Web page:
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Redskins' Donovan McNabb acknowledges season not up to his standards

The Washington Post's Dan Steinberg, LaVar Arrington, Rick Maese and Jonathan Forsythe discuss the concerns rising from Sunday's win in Chicago, including Donovan McNabb's worst performance to-date for the Redskins.

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Washington Post Staff Writer
Sunday, October 31, 2010; 12:18 AM

Midway through the first quarter last Sunday, Washington Redskins quarterback Donovan McNabb took a snap at the Chicago Bears 32-yard line and dropped back. He looked to his left, the area where tight end Chris Cooley was coming free. Bears lineman Israel Idonije bore down on McNabb, who, for some reason, flung the ball anyway. Idonije easily tipped it in the air, and Bears cornerback D.J. Moore snatched the gift. Fifty-four yards later, Moore had a touchdown.

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The play resembled the defining moment of a difficult rookie season for an NFL quarterback. McNabb, though, is in his 12th year in the league. Entering this season, the percentage of his throws that had been intercepted was the lowest of all-time. Typically, he doesn't make such decisions.

"I'm not a guy that throws interceptions like that," McNabb said.

Yet such a play hasn't exactly been an anomaly for the 2010 version of McNabb. As he approaches his 34th birthday next month, McNabb is learning a completely new offensive system, tweaking his mechanics and dealing with an altered set of circumstances that has him approaching the midway point of the year acknowledging that his performance is not up to his own standards.

"When you've played at a level for so long, that's the way that you want to continue to play," McNabb said. "That's what the guys that have seen or competed against me all throughout the years have seen me play - at that level."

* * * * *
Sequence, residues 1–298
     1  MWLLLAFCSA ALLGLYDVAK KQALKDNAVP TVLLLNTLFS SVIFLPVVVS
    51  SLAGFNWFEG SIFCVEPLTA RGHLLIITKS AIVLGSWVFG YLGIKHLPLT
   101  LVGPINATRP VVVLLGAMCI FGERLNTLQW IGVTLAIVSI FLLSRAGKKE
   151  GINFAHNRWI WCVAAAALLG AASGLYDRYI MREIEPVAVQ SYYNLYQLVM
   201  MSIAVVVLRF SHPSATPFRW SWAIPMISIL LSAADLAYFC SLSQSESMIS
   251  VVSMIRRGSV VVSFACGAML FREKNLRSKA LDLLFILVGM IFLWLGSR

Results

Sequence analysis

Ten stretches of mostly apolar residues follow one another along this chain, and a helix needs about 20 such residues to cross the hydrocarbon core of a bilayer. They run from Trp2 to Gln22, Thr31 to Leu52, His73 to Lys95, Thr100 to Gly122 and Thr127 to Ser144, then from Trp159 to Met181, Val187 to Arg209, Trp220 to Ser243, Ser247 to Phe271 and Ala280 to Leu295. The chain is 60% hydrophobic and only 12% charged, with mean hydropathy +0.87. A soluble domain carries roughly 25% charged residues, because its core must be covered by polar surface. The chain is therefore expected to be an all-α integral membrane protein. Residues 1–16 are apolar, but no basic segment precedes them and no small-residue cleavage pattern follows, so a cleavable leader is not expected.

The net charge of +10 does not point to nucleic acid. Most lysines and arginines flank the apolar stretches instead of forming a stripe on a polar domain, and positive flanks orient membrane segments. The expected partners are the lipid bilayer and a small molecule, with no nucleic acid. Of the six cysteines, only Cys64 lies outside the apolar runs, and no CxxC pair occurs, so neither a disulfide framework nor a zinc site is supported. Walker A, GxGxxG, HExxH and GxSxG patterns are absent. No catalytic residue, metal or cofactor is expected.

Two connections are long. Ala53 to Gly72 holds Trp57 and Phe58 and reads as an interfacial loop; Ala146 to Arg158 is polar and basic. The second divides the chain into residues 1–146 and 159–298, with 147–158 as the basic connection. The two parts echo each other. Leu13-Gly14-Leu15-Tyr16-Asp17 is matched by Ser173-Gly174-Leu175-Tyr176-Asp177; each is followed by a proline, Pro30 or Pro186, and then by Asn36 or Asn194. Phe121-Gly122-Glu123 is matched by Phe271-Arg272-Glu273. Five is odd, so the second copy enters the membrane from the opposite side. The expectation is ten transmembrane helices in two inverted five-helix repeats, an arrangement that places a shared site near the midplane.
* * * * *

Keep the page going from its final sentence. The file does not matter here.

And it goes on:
Entering Sunday's game at Detroit - the eighth of a nascent career with Washington that may or may not last beyond this season - McNabb is not playing at that level. Through seven games, he is on pace to throw more interceptions and fewer touchdowns than in any season of his career. His completion percentage is flirting with his lowest since his rookie year. In four games, it has been 53.1 percent or lower; since that rookie year, 1999, he has never had more than five such games in a single season. His quarterback rating of 76.0 is the lowest since his first year, ranking him 24th in the league.

"We're a work in progress," was how McNabb addressed the offense's production during the week, but he could have been speaking of himself alone. Before this season, he had played his entire career in one offensive system, that of Philadelphia Eagles Coach Andy Reid. Now, he is adjusting to the scheme of Redskins Coach Mike Shanahan and to the play-calling of offensive coordinator Kyle Shanahan. "It's like learning a new language," Mike Shanahan said.

"It's not happening as fast, his recognition of things, as when he was in Philadelphia - of course," said veteran defensive lineman Vonnie Holliday, who played against McNabb for years during stops in Green Bay, Kansas City, Miami and Denver. "He's going through the whole growing process."

The lesson the Redskins are learning: For McNabb to become fluent is going to take more than seven classes, seven games. The McNabb playing in Washington is not going to resemble the McNabb who played in Philadelphia - yet. Through seven games, McNabb has thrown seven interceptions, a total he has never exceeded in his first seven games of a season. He has thrown six touchdown passes, a total exceeded by 24 other quarterbacks this year, including such luminaries as Josh Freeman, Chad Henne, Alex Smith and Shaun Hill.

Those stats have the Redskins, both internally and externally, reminding themselves that this process will require patience, whether patience is palatable or not.

"You want it right away as a coach," Kyle Shanahan said. "You want it right away as a player. I don't think him or I are feeling like we can be patient with it. We want it to happen. We want it to happen now. We got to understand that it's not like that. It's life."

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